Showing posts with label revolutionary war. Show all posts
Showing posts with label revolutionary war. Show all posts

Wednesday, November 19, 2014

Book Review: 1776 by David McCullough


Title: 1776
Author: David McCullough
Publisher: Simon & Schuster
Publication Date: May 24, 2005
Source: personal purchase

Summary from Goodreads

America's most acclaimed historian presents the intricate story of the year of the birth of the United States of America. 1776 tells two gripping stories: how a group of squabbling, disparate colonies became the United States, and how the British Empire tried to stop them. A story with a cast of amazing characters from George III to George Washington, to soldiers and their families, this exhilarating book is one of the great pieces of historical narrative. 

My Review:

When I was in high school, history was not my favorite subject.  I was more of a science girl, actually.  (A close second: English.  Because READ ALL THE THINGS!)  I got high grades in history, but more because I was very good at memorizing things than because I had any actual interest in it.  I scored a 2 (out of 5) on the AP US History exam, if that gives you any frame of reference.

However, part of me always felt like I should have more interest in history...I mean, it gives us a better understanding of ourselves, doesn't it?  It's important to know from whence we came, yes?  But it was so DRY.  How could I care more about a subject that put me straight to sleep?  Where could I find a history book that would change my tune?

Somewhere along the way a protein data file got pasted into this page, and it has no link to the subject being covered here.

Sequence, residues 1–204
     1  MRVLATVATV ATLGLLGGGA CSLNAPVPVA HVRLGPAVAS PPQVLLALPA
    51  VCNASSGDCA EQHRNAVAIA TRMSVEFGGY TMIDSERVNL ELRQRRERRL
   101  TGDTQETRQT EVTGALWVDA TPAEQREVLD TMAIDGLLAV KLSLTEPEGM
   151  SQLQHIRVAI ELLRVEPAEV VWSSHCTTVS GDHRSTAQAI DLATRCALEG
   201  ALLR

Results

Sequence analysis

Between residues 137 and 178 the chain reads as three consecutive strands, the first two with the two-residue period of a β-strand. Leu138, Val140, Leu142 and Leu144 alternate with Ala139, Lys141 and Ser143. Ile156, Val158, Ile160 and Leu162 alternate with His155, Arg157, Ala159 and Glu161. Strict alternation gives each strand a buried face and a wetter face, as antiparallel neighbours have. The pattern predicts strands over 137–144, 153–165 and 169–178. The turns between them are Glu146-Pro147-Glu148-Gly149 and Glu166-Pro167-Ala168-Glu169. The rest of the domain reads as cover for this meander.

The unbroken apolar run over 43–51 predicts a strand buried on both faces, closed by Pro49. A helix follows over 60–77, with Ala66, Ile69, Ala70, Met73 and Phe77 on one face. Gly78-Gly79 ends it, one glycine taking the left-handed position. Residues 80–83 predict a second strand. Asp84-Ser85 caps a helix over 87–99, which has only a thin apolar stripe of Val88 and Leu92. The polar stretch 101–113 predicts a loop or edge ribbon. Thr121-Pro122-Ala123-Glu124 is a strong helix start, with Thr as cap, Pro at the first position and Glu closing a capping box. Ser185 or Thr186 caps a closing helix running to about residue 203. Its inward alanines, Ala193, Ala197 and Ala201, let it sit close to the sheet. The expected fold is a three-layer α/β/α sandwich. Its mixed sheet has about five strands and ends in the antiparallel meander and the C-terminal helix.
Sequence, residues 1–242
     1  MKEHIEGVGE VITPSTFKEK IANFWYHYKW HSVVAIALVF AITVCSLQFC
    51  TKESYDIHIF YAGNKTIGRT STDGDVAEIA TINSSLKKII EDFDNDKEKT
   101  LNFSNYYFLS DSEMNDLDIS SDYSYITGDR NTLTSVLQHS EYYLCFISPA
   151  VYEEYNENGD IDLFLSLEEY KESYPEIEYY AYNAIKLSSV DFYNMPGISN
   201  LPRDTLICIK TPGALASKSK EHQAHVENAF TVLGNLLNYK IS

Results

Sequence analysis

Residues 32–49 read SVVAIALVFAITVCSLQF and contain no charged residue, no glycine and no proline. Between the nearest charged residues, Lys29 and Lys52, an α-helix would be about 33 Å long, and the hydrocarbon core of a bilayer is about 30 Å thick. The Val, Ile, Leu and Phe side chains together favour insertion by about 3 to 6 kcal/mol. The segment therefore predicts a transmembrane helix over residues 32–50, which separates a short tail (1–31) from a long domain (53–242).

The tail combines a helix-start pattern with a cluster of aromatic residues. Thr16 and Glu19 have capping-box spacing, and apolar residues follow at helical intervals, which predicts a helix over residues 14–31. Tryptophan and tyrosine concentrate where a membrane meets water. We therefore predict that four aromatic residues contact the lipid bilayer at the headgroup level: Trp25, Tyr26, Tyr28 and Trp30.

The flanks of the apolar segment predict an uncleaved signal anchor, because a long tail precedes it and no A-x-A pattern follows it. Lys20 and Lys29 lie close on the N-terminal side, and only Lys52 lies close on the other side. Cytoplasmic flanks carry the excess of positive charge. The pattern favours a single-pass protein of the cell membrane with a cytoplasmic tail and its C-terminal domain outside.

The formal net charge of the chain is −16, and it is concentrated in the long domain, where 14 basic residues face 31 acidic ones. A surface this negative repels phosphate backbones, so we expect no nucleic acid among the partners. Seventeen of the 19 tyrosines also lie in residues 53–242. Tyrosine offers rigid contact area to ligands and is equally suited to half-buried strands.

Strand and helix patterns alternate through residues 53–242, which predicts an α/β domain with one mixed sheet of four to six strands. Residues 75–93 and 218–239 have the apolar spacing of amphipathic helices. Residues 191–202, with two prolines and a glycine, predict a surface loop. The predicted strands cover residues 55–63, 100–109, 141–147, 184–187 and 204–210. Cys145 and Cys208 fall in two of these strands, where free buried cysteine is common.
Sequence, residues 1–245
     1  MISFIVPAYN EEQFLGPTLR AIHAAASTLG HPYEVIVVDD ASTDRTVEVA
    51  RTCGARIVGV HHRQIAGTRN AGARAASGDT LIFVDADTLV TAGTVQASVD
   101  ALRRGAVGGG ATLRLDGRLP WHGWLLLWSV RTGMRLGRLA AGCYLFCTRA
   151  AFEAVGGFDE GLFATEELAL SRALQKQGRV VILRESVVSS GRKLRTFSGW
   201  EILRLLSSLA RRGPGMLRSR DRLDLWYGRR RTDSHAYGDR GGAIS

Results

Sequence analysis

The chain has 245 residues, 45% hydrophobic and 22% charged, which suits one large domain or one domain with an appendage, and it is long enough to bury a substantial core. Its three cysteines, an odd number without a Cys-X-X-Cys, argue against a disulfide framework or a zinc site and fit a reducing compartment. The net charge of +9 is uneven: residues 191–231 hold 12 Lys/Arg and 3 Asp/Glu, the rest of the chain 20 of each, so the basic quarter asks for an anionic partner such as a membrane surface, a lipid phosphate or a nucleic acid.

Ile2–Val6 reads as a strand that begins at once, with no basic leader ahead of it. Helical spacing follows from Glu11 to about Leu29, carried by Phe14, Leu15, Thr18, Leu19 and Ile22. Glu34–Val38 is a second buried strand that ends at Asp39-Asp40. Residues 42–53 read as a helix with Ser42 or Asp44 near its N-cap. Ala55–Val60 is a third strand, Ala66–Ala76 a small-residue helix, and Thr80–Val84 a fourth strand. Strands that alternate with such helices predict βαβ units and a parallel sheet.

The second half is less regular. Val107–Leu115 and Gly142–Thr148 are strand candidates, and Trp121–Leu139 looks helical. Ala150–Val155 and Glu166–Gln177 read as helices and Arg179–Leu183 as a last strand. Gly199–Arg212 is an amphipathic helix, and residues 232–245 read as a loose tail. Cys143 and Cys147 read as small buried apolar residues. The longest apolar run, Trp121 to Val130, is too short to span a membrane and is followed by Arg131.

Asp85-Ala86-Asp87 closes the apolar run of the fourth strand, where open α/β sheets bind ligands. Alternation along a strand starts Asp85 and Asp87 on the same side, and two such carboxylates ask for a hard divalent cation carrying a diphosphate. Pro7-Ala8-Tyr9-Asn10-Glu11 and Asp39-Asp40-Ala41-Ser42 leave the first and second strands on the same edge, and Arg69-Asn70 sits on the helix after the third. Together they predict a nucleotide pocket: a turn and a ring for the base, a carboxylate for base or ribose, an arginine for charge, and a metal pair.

I heard about David McCullough several years ago, and thought that maybe his work could be the ticket.  As a historian, his books are well-researched and extremely detailed, but he also adds more of a human element to his analysis.  This sounded like it would work better for me, but I was still nervous--hence the five-ish years that this book has been on my shelf, untouched.

Thanks to Nonfiction November, I decided that it was time to dive in, and as you may have expected, my initial inclinations were correct.  Despite its high level of detail and dense text, I was engaged with this book from beginning to end.

This book is not, as I had previously thought, a history of the entire American Revolution.  It is, as I should have maybe guessed from the title, specifically focused on the events that took place in 1776 (and a little bit of 1775, for background purposes).  Once I figured that out, I thought, cool, I will get to read about how the Americans won the Revolutionary War!  And then I realized, nope, the war didn't actually end until 1783.  (Reminder: score of 2 on the AP US History test.)

In fact, 1776, despite the whole Declaration of Independence thing, was not a real banner year for Team America.  We lost a lot of battles.  Like, A LOT.  George Washington made a whole slew of bad decisions for the army.  Yet, by the end of the year, things had started to take a little swing--just enough to bring the tide back in our direction.  McCullough describes all this at great length, but rather than just a dull list of dates and places, he provides insight into the hows and whys of each event.  What was Washington thinking in the days before the Battle of Brooklyn?  Who were his most trusted allies?  What were the British expecting of the Americans before each battle--and how were they getting that intelligence?  Who was a raging drunkard, or a traitor, or a dirty coward?  These are all the intriguing little details that may have made history class more fun for me back in the day.  Plus, he tells it from both sides (British and American), so you get a fuller view of the tense situation as it continued to develop.